Category: Biotech Legislative Developments  |  Comments Off on Congress Reaches Compromise to Extend SBIR

SBIR/STTR Program Set to Expire Later This Month; Support for Reauthorization Waning

Written by on Wednesday, March 4th, 2009

As we reported previously, he SBIR/STTR program is set to expire on March 20th of this month, unless Congress takes last minute emergency action to save it.

Unfortunately,  SBIR Insider author Rick Shindell reports that there is growing opposition in Congress to saving the SBIR/STTR program.

In fact, the idea of even providing funding for the SBIR/STTR program was rejected with the passage of the Stimulus Bill in Congress, where according to The SBIR Coach’s Blog, a provision that would have provided the SBIR/STTR programs $250 million was struck at the last minute from the bill and language was inserted which explicitly precluded the NIH from using the stimulus money for the SBIR/STTR programs.

Does this really make sense?  Regardless of how you feel about the Stimulus Bill that was passed, does it make sense to exclude funding for small businesses from a bill that is supposed to stimulate the economy and create jobs?

The SBIR Coach’s Blog voices its opinion on this issue as follows:

What were they thinking? As Ann said in her alert, “Such an exclusion is underhanded and entirely inappropriate.” There’s the understatement of the year (so far)!

Entirely inappropriate for sure. Does it make sense for the NIH to not seek additional innovative solutions from our small businesses — a sector hailed by President Obama himself as being the most likely one to create the jobs that we so desperately need? 2.5% +0.3% of $7.4B is $207.2M that’s been inappropriately withheld from our small businesses. That could be used to create a whole bunch of jobs!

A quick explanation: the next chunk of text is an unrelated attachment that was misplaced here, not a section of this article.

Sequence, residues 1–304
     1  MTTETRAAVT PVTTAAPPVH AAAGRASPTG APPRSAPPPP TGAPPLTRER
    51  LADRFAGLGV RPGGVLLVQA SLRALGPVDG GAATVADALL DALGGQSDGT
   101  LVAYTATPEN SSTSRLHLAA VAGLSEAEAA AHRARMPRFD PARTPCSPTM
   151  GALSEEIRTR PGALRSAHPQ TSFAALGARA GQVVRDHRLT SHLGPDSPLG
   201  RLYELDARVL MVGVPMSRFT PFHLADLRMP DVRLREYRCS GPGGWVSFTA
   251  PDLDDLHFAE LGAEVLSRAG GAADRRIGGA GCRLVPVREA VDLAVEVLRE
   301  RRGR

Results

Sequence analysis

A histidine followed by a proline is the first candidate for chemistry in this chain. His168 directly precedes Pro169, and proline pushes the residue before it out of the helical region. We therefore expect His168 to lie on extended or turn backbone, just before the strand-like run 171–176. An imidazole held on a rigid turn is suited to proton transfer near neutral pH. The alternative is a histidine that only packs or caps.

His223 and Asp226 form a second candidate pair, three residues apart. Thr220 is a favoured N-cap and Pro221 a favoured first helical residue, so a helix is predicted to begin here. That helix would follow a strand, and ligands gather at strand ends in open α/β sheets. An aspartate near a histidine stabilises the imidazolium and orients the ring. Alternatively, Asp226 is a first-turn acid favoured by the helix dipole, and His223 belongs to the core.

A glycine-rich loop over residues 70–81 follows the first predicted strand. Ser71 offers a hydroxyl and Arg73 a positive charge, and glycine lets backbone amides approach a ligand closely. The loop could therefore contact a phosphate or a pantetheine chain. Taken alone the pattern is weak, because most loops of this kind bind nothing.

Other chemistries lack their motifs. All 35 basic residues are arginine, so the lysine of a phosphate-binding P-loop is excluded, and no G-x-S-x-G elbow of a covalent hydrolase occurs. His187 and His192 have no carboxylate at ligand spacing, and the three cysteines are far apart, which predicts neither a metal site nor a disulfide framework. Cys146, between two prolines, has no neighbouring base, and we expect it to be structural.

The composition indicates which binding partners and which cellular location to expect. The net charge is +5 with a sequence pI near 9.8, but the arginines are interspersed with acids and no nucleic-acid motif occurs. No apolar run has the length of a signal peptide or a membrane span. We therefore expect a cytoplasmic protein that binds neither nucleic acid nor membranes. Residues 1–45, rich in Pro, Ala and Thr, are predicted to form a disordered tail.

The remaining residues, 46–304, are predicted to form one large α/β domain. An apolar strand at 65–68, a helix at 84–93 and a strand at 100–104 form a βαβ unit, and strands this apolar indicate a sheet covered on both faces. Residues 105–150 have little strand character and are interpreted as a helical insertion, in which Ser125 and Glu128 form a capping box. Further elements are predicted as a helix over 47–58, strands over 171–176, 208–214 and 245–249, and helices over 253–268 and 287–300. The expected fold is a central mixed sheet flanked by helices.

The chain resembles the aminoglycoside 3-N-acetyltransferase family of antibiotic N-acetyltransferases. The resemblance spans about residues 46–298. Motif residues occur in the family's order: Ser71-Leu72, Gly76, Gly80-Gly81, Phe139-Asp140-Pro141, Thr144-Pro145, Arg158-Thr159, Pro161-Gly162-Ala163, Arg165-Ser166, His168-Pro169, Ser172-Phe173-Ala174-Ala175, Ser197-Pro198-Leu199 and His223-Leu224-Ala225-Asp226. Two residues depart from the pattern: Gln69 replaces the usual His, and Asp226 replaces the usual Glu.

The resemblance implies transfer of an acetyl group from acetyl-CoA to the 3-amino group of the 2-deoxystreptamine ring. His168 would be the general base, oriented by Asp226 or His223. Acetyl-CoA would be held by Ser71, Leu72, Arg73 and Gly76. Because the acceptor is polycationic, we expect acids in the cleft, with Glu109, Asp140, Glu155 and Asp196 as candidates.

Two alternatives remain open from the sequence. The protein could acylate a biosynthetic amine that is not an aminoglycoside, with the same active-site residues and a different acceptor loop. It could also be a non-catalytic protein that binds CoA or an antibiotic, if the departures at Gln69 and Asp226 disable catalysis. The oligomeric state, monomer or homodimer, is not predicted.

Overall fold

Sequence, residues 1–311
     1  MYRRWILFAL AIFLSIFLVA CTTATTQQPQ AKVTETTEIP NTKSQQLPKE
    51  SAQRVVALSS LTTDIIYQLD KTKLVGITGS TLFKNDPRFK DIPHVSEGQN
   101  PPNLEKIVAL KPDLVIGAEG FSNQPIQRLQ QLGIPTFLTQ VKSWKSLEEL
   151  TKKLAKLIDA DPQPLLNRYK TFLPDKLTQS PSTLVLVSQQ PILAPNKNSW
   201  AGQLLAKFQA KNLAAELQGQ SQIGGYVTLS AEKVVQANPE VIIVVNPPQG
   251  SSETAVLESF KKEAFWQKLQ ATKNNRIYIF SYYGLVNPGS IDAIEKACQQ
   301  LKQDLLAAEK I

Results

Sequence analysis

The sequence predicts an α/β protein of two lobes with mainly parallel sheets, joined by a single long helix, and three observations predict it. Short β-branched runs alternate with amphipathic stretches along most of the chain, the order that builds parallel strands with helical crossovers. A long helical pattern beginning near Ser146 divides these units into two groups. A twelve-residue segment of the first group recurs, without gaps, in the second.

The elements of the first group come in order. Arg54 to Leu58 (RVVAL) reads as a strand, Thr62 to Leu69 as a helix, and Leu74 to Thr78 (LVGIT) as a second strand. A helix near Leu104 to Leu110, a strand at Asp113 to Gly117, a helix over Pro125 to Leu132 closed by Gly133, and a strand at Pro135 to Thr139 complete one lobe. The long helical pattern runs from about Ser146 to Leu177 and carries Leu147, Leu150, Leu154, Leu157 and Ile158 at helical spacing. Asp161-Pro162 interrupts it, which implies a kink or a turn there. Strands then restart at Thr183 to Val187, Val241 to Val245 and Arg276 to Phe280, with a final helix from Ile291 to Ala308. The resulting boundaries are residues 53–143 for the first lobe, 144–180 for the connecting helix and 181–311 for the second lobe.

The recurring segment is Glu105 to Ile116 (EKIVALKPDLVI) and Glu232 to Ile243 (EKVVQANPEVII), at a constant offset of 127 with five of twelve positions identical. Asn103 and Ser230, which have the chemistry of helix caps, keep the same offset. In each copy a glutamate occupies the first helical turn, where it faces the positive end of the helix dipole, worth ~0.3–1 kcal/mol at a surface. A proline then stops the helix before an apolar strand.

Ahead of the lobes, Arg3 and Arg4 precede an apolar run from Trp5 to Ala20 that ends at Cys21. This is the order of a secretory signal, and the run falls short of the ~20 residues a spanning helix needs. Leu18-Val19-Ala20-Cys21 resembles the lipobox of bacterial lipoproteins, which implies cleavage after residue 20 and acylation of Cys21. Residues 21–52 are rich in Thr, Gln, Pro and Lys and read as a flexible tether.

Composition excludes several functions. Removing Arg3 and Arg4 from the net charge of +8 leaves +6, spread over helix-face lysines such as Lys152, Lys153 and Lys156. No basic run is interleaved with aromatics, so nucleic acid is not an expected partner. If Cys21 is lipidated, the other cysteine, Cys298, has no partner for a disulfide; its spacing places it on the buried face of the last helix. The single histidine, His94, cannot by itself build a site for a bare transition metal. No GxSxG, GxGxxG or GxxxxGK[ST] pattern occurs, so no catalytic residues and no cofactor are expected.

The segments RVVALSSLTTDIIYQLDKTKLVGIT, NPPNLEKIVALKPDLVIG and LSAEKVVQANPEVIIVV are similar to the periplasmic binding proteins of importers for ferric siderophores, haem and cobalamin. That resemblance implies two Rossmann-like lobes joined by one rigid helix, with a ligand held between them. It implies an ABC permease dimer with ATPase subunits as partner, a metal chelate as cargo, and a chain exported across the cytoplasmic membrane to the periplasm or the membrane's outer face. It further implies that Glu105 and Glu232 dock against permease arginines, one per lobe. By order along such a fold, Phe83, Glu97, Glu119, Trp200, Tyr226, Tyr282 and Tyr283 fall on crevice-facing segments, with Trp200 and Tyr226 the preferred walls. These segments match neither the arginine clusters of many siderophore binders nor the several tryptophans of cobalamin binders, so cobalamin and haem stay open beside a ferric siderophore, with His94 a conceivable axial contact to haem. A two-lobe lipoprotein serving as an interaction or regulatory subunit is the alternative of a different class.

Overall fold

And underhanded to boot! They snuck the wording into the fine print in “code” so we wouldn’t spot it. A search for “SBIR” or “STTR” won’t turn anything up.

While I agree that the SBIR/STTR program is far from perfect, and I have been critical of the whole SBA program in the past based on my personal experiences with the SBA in trying to secure loans for my business, it is my personal opinion that, at a time like this when the economy seems to many of us to be in freefall, reauthorizing SBIR/STTR should be a no-brainer.  Why wouldn’t Congress want to maintain support for small businesses, which, in my opinion, are the lifeblood of our economy?  Moreover, why in the world wouldn’t Congress want to include funding for small business programs like the SBIR/STTR in a huge spending bill intended to stimulate the economy?

I can tell you personally that it is nothing short of impossible right now to secure funding for a small business, period.  The help seems to be going to Detroit, the banking system, and AIG, as well as to all kinds of random programs in various states across the country (which to be honest, have made me scratch my head a little bit and wonder why we are funding many of them with taxpayer dollars),  but there is little or nothing that small businesses can do right now  to get access to additional funding.  Supposedly there is some provision that did make it into the Stimulus Bill which will free up some funding fo help small businesses refinance debt, but this funding is not yet in effect and most small businesses have yet to get much in the way of details on this particular program.

So, back to the topic of the SBIR/STTR program, which will shortly expire: in this economic climate,  why in the world  isn’t Congress acting to ensure that this doesn’t happen?

Your guess is as good as mine.  However, the bottom line is that the expiration of SBIR/STTR is all but a done deal now.  If this is a concern to you, you have 16 days left to take action and get your voice heard by Congress.  Perhaps there is still time to save this program from extinction.

Rick Shindell has provided a list of instructions for how to get your voice heard on this issue:

Develop a brief message urging an SBIR extension for a year, stating its importance to you, your business and community. Stress that a collapse of SBIR could be catastrophic not just for you, but the entire high tech small business community. Stress that SBIR community is a pillar of America’s innovation and economic stimulus . Do it in your own words because boilerplate language is far less effective.